However, cohort studies in the Mediterranean region and randomized controlled trials showed more cohesive outcomes of the beneficial effect of the Mediterranean style diets on cognitive function [6]. Although more standardized and in-depth studies are needed to strengthen the existing body of evidence, results from this review indicate that the Mediterranean diet may have a major role in cognitive health and risk of Alzheimer’s disease and dementia. According to another review, several studies have examined dietary patterns, particularly the Mediterranean and DASH (Dietary Approaches to Stop Hypertension) diets. However, neither of these diets are tailored to the specific foods and nutrients that have been identified as neuroprotective [9]. A newly developed diet, called MIND (Mediterranean–DASH Intervention for Neurodegenerative Delay), incorporates many elements of the Mediterranean and DASH diets but with modifications that reflect the best evidence for neuronal protection. These problems of the association of Mediterranean style diets with dementia may be explained by inadequate attention to nutrient/food intake in the interpretation of results of the study. In a further study, the German Study on Aging, Cognition and Dementia in Primary Care Patients (AgeCoDe), dietary intake of red wine, white wine, coffee, green tea, olive oil, fresh fish, fruits and vegetables, red meat and sausages, was assessed by a single-food-questionnaire [10]. Participants aged 75+ of cohort (n=2622) were regularly followed over 10 years for incidence of Alzheimer’s disease ( n = 418). The results showed that only higher red wine intake was associated with a lower incidence of Alzheimer’s disease (HR = 0.92; P = 0.045). However, this was true only for men (HR = 0.82; P < 0.001), while in women higher red wine intake was associated with a higher incidence of Alzheimer’s disease (HR = 1.15; P = 0.044), and higher white wine intake with a more pronounced memory decline over time (HR = −0.13; P = 0.052) [10]. It is clear that no evidence was observed for these single foods to be protective against cognitive decline, with the exception of red wine, which reduced the risk for Alzheimer’s disease only in men.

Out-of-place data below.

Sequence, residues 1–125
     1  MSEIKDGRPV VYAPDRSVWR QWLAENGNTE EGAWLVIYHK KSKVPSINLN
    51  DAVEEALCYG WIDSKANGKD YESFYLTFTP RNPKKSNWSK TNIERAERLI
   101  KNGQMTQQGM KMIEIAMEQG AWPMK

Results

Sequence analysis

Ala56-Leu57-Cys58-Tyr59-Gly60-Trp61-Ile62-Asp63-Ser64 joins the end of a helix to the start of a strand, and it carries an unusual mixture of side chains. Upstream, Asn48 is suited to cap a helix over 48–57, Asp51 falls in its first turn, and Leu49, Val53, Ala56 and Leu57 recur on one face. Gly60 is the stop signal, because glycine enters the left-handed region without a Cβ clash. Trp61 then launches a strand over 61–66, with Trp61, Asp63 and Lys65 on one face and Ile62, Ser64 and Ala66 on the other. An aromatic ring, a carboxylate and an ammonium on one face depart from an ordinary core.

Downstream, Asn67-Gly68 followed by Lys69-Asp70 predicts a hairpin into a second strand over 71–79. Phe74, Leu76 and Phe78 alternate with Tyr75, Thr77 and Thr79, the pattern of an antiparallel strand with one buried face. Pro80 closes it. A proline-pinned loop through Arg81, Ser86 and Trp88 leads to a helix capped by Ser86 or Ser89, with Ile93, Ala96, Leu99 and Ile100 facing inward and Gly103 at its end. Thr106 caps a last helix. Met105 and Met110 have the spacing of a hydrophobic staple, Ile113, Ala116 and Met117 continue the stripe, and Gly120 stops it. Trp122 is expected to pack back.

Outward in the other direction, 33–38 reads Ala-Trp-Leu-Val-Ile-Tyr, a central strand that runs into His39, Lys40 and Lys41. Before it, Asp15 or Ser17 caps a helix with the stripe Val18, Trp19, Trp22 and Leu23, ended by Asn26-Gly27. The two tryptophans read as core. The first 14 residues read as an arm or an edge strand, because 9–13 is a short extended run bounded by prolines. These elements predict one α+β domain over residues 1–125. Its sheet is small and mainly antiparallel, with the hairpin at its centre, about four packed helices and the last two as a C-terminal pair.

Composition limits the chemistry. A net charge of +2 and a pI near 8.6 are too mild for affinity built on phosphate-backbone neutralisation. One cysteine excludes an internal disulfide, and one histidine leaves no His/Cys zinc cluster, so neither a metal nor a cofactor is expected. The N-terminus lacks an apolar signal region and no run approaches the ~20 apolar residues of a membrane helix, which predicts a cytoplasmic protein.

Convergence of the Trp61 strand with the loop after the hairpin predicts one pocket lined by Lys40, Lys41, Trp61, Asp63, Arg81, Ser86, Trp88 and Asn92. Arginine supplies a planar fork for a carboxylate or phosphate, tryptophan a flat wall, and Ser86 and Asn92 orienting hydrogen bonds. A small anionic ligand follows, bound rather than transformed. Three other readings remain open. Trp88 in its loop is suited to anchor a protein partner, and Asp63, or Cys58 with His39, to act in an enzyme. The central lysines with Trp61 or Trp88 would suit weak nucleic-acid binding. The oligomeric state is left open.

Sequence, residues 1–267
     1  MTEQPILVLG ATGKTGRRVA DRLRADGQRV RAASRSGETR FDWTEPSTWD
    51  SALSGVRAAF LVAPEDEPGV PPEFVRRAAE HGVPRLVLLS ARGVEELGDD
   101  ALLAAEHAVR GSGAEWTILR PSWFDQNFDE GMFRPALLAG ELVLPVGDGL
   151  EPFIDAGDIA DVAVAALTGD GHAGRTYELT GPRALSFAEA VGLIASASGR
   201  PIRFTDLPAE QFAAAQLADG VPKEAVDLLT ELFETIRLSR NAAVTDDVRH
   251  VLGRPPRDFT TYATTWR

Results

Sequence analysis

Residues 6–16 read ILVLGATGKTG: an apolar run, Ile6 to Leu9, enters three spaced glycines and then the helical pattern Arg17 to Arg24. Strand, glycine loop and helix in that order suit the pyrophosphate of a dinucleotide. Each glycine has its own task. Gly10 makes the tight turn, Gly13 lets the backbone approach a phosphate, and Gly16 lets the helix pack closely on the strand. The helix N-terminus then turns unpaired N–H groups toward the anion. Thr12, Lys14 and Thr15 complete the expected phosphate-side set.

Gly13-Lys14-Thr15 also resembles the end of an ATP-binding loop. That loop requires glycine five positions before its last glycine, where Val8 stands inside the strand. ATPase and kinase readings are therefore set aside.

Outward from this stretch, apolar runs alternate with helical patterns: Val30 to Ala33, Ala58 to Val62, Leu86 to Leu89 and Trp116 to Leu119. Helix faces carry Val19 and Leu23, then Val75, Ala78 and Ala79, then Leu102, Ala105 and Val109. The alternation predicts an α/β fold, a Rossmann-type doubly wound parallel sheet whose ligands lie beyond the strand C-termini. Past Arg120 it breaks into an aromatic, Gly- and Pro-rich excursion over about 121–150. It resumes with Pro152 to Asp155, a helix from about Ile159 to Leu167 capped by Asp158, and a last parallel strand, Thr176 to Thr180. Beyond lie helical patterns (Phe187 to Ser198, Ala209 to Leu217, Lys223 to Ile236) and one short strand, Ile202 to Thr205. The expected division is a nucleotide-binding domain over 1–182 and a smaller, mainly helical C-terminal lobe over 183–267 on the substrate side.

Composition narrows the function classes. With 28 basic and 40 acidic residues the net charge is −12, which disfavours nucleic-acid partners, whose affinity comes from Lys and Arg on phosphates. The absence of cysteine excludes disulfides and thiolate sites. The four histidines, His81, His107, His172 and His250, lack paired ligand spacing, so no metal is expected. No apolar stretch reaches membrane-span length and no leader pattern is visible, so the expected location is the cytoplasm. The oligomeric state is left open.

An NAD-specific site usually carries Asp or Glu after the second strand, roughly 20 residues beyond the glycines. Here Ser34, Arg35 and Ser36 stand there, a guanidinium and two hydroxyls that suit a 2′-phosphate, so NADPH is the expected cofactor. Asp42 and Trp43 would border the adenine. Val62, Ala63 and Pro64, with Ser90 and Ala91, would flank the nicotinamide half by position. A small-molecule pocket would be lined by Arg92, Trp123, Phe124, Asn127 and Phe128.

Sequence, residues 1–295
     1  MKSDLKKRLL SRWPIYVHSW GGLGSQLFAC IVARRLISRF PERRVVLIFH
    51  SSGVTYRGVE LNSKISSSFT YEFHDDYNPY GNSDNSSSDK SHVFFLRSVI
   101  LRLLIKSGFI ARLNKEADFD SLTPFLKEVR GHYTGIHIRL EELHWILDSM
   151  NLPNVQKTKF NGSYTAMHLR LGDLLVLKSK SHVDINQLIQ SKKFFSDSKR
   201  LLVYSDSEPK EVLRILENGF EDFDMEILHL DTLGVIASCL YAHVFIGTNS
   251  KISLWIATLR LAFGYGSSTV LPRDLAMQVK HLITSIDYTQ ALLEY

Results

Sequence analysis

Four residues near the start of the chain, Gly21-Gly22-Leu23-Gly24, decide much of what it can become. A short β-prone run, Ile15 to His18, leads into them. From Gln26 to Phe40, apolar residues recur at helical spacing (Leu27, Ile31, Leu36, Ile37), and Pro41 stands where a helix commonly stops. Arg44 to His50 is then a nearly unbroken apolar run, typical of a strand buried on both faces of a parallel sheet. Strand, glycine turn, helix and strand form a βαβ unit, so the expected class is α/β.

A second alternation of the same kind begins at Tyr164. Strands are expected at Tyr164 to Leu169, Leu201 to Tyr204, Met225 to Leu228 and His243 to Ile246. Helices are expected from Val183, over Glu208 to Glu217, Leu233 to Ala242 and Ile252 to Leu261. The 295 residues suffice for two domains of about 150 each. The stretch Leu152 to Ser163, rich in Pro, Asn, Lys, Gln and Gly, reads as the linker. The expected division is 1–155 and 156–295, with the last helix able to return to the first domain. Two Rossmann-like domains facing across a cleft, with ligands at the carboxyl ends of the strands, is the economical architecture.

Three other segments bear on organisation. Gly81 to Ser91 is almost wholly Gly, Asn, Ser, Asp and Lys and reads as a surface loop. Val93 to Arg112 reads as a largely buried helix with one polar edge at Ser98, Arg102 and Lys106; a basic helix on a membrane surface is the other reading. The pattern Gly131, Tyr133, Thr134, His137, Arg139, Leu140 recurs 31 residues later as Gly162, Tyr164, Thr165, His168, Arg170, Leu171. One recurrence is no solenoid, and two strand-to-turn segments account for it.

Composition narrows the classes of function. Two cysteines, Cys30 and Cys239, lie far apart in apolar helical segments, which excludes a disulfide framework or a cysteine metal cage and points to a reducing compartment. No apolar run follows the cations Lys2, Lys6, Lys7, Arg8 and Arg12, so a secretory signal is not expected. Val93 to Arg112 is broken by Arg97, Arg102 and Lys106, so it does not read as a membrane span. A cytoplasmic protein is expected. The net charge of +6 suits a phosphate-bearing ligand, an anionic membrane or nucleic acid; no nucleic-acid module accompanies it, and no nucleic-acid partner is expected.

Effects of Flavonoids on Dementia

It is possible that the most effective dietary ingredient responsible for beneficial effects of foods on dementia may be flavonoids which are also rich in whole grains such as Medical rice, legumes, millets, flex seeds, corn, etc [11,12]. Flavonoids constitute a large group of polyphenolic compounds with numerous beneficial effects on behavior and cognition, which vary from learning and memory enhancement to an improvement of general cognition. Flavonoids have also been implicated in neuronal proliferation and survival, by acting on a variety of cellular signaling cascades, including the ERK/CREB/BDNF and PI3K/Akt pathway, reduction of oxidative stress and relief from clinical manifestations of Alzheimer’s disease [8,11]. Electrophysiological aspect indicate that flavonoids can promote long term potentiation in the hippocampus, supporting the hypothesis of synaptic plasticity mediation indicating a neuroprotective effect of flavonoid compounds in the brain. It is possible that flavonoid content of Mediterranean foods could be a potential clinical direction for prevention and/or attenuation of cognitive decline deterioration which accompanies various brain disorders [11-20] & (Table 1). A recent review included 32 studies from 25 unique cohorts, including 5 randomized, controlled trials and 27 observational studies [21-27]. The majority of studies showed that the Mediterranean style diets was associated with improved cognitive function, a decreased risk of cognitive impairment or decreased risk of dementia. Three studies found no correlation between the diet, and cognitive impairment, and 5 studies found no association between the diet and cognitive function [28].

Table 1: Individual food items indicating beneficial effects on dementia.


Medical Rice as Wole Grain For Dementia